Alvin proposes ban on 'fake marijuana' substance

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by Kevin Reece/11 News

khou.com

Posted on November 23, 2010 at 8:08 PM

Updated Tuesday, Nov 23 at 8:54 PM

ALVIN, Texas -- After two recent trips to the emergency room in Alvin by teenagers who later admitted their symptoms of nausea and rapid heart rate were caused by smoking a form of “fake marijuana,” the police chief in Alvin has proposed banning the sale of the herbal product.
 
K2, sold under names like K2 Summit, K2 Ultra, and K2 Blonde, is a product marketed as incense with a list of herbal ingredients and synthetic extracts including canavalia rosea and clematis vitalba. But those ingredients have been sprayed or soaked with a synthetic compound chemically similar to THC, the psychoactive ingredient in marijuana.
 
K2’s mix of compounds has been banned in most of Europe, but is not regulated by federal law in the United States.

Eleven states, (Alabama, Georgia, Hawaii, Kansas, Kentucky, Louisiana, Michigan, Mississippi, Missouri, North Dakota, and Tennessee) have moved to ban the sale, distribution, and possession of K2 and its compounds.

Twelve other states, including Texas, are either considering legislation, or have individual municipalities which have installed bans of their own. The Alvin police chief introduced a proposed ban on K2 at last week’s city council meeting. Santa Fe in Galveston County put a similar ban in place last month.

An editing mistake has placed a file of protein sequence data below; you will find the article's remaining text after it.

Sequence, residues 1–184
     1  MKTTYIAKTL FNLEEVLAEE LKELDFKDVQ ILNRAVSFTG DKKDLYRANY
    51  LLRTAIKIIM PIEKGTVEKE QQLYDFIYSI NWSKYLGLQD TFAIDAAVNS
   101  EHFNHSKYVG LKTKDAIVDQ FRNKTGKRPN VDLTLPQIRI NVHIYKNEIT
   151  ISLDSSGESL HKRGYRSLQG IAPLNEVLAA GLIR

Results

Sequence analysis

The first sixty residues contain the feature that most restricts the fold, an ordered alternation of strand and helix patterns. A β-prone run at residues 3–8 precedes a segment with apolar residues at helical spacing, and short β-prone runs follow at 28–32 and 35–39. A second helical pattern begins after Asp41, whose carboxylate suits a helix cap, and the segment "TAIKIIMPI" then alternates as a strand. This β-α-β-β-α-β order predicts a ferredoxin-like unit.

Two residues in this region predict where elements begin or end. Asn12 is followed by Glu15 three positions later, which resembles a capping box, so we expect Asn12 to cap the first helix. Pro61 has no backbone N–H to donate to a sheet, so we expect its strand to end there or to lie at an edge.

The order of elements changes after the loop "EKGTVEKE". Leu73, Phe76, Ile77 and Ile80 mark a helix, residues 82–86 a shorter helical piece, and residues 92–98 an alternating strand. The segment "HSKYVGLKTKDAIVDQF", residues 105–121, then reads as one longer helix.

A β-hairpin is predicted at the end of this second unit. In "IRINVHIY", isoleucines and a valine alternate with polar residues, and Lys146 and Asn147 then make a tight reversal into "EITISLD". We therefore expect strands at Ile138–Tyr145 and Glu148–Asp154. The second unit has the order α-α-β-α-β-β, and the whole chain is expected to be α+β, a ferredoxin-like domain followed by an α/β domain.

“We found out that we actually had two parents that had already called the legal department asking what we were going to do about protecting their children,” said Alvin Police Chief Mike Merkel.
 
“A 10-year-old could walk in the store and buy one of these legally. And that's sad that someone who just knew how to ride a bicycle could use this and possibly end his young life," he said.
 
K2 is regularly, and legally, sold in smoke shops in Houston. A 3 gram package can range from $10 to $30 and is marked as “not for consumption” and “for aromatherapy use only.”
 
But despite the trend to ban the sale of the herbal product across the country, it is sold legally, in individual transactions and wholesale, on the Internet.
 
State Sen. Florence Shapiro (R-Plano) has promised to introduce legislation in Austin next session to ban K2 in Texas.

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